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From http://mjg59.dreamwidth.org/48429.html

> What do we not know?

We have zero information about the vulnerability, other than that it allows unauthenticated access to AMT. One big thing that's not clear at the moment is whether this affects all AMT setups, setups that are in Small Business Mode, or setups that are in Enterprise Mode. If the latter, the impact on individual end-users will be basically zero - Enterprise Mode involves a bunch of effort to configure and nobody's doing that for their home systems. If it affects all systems, or just systems in Small Business Mode, things are likely to be worse.

> What should I do?

Make sure AMT is disabled. If it's your own computer, you should then have nothing else to worry about. If you're a Windows admin with untrusted users, you should also disable or uninstall LSM by following these instructions.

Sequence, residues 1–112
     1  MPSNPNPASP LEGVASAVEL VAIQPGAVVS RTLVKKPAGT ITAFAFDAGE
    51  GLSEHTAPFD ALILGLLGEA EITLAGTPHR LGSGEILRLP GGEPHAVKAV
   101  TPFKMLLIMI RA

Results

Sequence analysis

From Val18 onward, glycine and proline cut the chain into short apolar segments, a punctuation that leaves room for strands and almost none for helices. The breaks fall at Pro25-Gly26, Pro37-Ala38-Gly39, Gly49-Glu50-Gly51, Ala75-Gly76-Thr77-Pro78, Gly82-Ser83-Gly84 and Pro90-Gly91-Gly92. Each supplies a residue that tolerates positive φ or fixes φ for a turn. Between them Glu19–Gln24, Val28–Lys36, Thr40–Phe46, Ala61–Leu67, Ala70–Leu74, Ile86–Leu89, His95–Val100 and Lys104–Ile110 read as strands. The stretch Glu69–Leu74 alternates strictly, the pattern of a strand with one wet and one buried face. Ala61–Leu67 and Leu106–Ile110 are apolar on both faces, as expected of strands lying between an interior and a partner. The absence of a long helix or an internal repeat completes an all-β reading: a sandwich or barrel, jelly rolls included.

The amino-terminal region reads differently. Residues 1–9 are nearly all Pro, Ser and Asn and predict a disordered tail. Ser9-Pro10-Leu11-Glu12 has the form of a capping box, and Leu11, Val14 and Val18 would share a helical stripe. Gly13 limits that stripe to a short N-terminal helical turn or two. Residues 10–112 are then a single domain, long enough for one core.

And that's a good part of the reasons I'm categorically against any 'rider' computers next to the one that I control. It's hard enough to keep a regular system secure, if you have to factor in ghost computers that are effectively running with a privilege level above your local root then the situation becomes untenable. Intel really should allow for a simple way to turn off all this bull-shit without any way for it to be remotely re-enabled. And without any crippling effects on clock frequency or power management or networking.

Otherwise we don't really own our computers.

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